Here’s a piece of useless trivia you never thought you needed; what is the name of the monocle-wearing dandy who appeared on the first ever cover of The New Yorker and has gone on to become its mascot? The answer is Eustace Tilley, and for many years the magazine published his image almost unchanged when its birthday rolled around at the end of February.
Since 1994 though the publication has had fun playing around with the famous motif, as art director Françoise Mouly explains: “The magazine’s presiding dandy has since been parodied, subverted, or deconstructed on most of our anniversary covers. Contributions by our artists – and by readers participating in Eustace Tilley contests – have included comic-strip Tilleys, dog Tilleys, tattoed Tilleys, emoji Tilleys, and twerking Tilleys.”
This year’s anniversary is a bit of a big one with The New Yorker turning 90, and so Françoise and editor David Remnick have decided to publish no fewer than nine different covers after inviting suggestions from their cover artists. So Kadir Nelson, Carter Goodrich, Anita Kunz, Roz Chast, Barry Blitt, Istvan Banyai, Lorenzo Mattotti, Peter Mendelsund and Christoph Niemann will all see their designs printed and there’s a pleasing array of styles, approaches and concepts from Kadir’s dragging of Eustace into the present day to Lorenzo’s unashamedly indulgent close crop.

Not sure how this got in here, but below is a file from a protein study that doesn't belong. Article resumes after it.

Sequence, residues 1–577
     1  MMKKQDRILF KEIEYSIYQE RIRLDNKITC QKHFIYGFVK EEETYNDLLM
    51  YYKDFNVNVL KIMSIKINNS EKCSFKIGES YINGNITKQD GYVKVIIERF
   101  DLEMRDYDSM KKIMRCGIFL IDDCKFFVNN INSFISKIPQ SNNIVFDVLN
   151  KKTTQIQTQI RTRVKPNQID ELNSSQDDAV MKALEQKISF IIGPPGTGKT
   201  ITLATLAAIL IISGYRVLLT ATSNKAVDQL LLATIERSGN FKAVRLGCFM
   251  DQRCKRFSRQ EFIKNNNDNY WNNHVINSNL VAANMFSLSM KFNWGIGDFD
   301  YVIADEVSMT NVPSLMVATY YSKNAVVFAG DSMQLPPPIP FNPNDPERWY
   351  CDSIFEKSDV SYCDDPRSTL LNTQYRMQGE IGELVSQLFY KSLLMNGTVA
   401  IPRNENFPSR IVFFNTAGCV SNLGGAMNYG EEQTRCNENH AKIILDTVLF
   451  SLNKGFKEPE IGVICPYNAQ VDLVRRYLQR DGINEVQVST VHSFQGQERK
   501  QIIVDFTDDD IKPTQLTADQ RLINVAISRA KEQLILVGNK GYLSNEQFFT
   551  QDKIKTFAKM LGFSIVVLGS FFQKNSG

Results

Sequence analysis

“Each brings Eustace Tilley squarely into the 21st Century,” Françoise says, “and proves that art is as alive on the cover of the magazine today as it was in 1925.”
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- David Rothenberg discusses his unique portraits of the passengers of planes
- Photographer Nick Turpin captures cars bathed in the lights of Piccadilly Circus
- Byun Young Geun likens illustration to “looking into a mirror”
- Naranjo-Etxeberria designs an identity aiming to cause impact at first glance